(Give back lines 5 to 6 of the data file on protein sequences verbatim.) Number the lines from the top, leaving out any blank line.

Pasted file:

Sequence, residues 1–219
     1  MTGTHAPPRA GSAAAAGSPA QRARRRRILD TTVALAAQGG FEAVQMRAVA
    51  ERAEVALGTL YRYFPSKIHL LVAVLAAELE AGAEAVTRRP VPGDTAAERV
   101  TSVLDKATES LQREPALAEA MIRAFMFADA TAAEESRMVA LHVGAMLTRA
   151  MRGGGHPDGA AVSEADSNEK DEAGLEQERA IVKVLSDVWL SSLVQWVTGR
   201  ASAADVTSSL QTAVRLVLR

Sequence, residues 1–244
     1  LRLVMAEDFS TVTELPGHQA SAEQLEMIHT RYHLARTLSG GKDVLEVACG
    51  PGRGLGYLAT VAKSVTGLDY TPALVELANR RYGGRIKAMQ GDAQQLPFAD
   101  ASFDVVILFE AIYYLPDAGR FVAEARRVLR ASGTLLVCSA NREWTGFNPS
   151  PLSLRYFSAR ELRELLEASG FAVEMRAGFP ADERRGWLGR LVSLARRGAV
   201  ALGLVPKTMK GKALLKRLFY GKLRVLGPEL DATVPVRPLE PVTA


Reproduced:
   151  MRGGGHPDGA AVSEADSNEK DEAGLEQERA IVKVLSDVWL SSLVQWVTGR
   201  ASAADVTSSL QTAVRLVLR